The number 14 of the process carbon 14 dating
In 1960, he was awarded the Nobel Prize in chemistry for this work.He first demonstrated the accuracy of radiocarbon dating by accurately estimating the age of wood from an ancient Egyptian royal barge for which the age was known from historical documents.Carbon-14 has a half-life of 5730 years, meaning that the amount of carbon-14 in a sample is halved over the course of 5730 years due to radioactive decay.Carbon-14 would have long ago vanished from Earth were it not for the unremitting cosmic ray impacts on nitrogen in the Earth's atmosphere, which create more of the isotope.Back in the 1940s, the American chemist Willard Libby used this fact to determine the ages of organisms long dead.Most carbon atoms have six protons and six neutrons in their nuclei and are called carbon 12. But a tiny percentage of carbon is made of carbon 14, or radiocarbon, which has six protons and eight neutrons and is not stable: half of any sample of it decays into other atoms after 5,700 years.
Such decay counting, however, is relatively insensitive and subject to large statistical uncertainties for small samples.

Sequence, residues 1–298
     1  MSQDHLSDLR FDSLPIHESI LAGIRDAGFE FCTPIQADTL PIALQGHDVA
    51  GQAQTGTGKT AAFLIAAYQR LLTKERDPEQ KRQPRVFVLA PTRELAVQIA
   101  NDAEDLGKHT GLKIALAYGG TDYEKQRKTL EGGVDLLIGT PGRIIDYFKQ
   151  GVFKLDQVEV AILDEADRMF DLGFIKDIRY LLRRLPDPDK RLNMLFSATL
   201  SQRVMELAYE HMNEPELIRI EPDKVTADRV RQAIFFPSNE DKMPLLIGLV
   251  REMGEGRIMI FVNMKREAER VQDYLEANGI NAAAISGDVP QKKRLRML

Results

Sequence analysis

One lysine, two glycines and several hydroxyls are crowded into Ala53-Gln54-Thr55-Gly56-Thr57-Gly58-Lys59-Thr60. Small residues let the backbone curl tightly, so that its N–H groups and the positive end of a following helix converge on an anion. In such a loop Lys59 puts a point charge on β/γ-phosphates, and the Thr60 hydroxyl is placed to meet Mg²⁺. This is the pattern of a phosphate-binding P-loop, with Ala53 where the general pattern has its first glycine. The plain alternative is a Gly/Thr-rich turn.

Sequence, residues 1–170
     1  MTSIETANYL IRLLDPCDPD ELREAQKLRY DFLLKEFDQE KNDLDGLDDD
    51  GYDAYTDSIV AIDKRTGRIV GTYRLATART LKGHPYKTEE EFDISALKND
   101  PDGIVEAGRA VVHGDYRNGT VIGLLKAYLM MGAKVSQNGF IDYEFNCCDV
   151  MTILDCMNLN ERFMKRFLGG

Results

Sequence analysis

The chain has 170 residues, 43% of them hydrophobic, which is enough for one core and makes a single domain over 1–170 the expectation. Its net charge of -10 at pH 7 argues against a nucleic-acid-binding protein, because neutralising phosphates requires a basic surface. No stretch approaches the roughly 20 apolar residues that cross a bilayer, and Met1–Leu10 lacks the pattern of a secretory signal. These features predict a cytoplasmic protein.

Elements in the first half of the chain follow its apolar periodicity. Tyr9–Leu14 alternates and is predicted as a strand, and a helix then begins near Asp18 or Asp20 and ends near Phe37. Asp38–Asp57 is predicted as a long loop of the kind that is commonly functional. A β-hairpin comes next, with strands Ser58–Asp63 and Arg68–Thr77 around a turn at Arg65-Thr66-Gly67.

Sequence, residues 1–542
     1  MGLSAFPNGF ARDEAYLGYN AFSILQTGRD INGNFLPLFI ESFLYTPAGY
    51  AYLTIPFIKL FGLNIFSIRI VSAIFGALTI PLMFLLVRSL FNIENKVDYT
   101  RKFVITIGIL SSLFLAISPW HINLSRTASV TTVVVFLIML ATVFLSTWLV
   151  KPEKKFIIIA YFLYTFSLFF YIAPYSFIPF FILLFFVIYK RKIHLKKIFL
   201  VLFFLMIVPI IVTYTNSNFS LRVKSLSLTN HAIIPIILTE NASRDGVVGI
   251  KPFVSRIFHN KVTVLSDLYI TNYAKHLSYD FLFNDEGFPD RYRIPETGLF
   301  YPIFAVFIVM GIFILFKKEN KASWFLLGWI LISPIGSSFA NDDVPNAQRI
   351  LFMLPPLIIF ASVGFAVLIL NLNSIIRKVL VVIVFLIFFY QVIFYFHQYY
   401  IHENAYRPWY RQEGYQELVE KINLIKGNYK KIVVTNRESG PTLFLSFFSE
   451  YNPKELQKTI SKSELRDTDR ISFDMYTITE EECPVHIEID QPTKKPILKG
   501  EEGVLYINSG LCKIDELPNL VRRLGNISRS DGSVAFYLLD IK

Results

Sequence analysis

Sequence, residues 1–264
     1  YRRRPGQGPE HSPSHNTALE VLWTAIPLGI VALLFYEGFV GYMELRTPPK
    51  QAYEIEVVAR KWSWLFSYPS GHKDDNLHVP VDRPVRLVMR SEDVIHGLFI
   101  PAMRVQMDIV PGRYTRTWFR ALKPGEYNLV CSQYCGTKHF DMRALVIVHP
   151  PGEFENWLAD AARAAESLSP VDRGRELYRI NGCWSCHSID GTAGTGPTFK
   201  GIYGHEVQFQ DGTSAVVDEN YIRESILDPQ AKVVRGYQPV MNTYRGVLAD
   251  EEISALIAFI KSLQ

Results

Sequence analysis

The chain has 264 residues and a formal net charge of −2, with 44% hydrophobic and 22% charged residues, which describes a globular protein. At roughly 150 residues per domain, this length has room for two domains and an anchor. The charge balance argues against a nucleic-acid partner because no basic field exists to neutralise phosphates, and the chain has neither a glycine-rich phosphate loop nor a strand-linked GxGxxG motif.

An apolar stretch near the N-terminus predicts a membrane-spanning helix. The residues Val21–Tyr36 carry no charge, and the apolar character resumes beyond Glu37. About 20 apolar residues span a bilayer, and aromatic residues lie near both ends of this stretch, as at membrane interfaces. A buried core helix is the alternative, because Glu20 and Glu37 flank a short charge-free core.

The neutrons resulting from the cosmic ray interactions participate in the following nuclear reaction on the atoms of nitrogen molecules (N The highest rate of carbon-14 production takes place at altitudes of 9 to 15 km (30,000 to 50,000 ft), and at high geomagnetic latitudes, but the carbon-14 spreads evenly throughout the atmosphere and reacts with oxygen to form carbon dioxide.
Carbon dioxide also permeates the oceans, dissolving in the water.
Measurements are traditionally made by counting the radioactive decay of individual carbon atoms by gas proportional counting or by liquid scintillation counting.
For samples of sufficient size (several grams of carbon) this method is still widely used in the 2000s.